• Guns protect the rights and freedoms of the individual. It was privately held guns that helped the colonists rise up against the British.
  • In the past, evil governments have used gun registries as way of locating and seizing privately owned weapons.
  • Citizens have the right to self protection. Local police forces are not able to protect it's citizens, they primarily investigate and try to solve the crimes after the fact.
  • If people obeyed current laws, there would not be a need for more laws.
  • Current laws are often poorly executed. Criminals are often able to buy guns even when the law says they should be prohibited. We need to enforce existing laws first.
  • Guns don't kill people, people do. We need to concentrate on the values and morals of our citizens and at the role the media plays in glorifying violence and the lack of respect for law
  • The Gun!

    During the past three months, ever since the State of Illinois passed the Concealed Carry law, I’ve torn between concealing and carry or not. However I have chosen to take advantage of my second amendment right and carry a concealed weapon to protect my family and myself, from the evil in the streets of Chicago. During this correspondence I will explain why I have chosen to take advantage of my second amendment.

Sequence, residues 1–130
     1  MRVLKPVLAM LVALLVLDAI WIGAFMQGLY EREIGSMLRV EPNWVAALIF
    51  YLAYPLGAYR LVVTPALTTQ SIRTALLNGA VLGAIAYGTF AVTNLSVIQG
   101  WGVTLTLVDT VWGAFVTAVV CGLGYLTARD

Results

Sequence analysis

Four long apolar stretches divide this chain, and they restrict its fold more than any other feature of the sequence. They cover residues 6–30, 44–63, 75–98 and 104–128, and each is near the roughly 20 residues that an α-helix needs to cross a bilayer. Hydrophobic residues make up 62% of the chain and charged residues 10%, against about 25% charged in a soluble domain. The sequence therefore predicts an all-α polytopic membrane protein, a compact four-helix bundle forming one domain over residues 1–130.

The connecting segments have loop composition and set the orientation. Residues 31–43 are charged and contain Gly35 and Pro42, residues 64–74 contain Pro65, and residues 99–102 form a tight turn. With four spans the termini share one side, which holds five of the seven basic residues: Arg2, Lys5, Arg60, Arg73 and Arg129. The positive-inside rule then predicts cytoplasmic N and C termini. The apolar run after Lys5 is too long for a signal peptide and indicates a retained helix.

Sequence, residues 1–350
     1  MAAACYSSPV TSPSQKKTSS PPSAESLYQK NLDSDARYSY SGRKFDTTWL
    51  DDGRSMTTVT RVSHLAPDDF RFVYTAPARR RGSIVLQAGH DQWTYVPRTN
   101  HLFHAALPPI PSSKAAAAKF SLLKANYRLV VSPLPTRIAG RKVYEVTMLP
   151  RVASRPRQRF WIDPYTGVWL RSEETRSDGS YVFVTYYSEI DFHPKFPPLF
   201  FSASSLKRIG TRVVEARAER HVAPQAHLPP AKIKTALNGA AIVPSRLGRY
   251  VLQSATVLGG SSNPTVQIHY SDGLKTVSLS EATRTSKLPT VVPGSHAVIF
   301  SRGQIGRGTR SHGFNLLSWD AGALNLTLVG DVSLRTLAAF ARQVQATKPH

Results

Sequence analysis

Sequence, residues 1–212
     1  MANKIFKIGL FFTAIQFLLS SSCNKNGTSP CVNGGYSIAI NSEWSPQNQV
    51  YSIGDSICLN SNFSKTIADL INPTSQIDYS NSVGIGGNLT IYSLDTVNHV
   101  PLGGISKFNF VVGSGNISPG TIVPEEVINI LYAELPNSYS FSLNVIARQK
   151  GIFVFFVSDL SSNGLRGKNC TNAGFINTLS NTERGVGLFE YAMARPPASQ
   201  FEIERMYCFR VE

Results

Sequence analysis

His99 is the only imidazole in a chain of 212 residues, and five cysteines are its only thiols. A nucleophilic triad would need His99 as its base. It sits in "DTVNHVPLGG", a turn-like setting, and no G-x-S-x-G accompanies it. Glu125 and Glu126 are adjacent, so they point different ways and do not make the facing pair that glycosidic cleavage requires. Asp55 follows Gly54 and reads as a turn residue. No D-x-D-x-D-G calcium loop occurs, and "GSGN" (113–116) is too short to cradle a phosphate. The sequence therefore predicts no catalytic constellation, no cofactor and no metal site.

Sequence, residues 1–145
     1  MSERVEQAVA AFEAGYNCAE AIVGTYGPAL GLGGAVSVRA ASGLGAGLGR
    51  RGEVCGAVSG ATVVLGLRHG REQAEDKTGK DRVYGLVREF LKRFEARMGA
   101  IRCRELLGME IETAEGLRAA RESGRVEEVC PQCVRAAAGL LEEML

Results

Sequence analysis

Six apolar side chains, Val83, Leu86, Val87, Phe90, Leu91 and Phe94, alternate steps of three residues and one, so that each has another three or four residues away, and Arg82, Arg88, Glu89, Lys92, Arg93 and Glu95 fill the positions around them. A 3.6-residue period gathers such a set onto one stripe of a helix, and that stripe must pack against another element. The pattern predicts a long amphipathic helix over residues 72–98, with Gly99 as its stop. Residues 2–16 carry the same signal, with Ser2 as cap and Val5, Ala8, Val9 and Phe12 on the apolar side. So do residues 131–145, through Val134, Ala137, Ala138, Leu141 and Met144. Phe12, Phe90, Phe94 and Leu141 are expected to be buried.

The new law says that Illinois state police “shall issue” a permit to carry concealed guns to any applicant who passes a background check, takes 16 hours of required firearms training and meets other conditions. The bill would ban guns in some places such as bars, schools and hospitals.

    The bill has been 20 years in the making, “said Richard Pearson, Executive Director of the Illinois State Rifle Association. “There are 1.6 million gun owners in this state. Those people have been deprived of their rights for years.”

    I feel this act, exercised by responsible individuals, will dramatically reduce the violent crime that currently affects residents. Criminals should quickly realize that they’re no longer dealing with citizens unable to defend themselves. “This has taken far too long.”

    One of the reasons this bill has taken so long to pass, is because of the influence of Former Mayor Richard J. Daley. He stated, “If it was up to me, no one except law enforcement officers would own a handgun.” Daley was a member of the Mayors against Illegal Guns Coalition.